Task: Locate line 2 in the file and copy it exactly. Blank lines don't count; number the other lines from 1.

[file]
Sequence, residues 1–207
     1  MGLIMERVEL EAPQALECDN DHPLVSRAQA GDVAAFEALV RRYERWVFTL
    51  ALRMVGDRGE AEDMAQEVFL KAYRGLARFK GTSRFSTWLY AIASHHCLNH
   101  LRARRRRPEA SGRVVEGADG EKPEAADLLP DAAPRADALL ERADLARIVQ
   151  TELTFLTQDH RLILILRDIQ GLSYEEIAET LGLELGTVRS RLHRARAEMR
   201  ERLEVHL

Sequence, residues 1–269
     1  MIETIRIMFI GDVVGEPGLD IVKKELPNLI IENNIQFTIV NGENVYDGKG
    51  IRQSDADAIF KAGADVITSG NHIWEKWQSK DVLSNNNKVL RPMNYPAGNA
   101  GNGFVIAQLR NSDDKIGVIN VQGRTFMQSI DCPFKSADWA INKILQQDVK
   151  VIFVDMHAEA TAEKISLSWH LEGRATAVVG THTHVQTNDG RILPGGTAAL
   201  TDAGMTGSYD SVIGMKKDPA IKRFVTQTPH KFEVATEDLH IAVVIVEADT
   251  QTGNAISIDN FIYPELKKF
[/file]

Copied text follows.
     1  MGLIMERVEL EAPQALECDN DHPLVSRAQA GDVAAFEALV RRYERWVFTL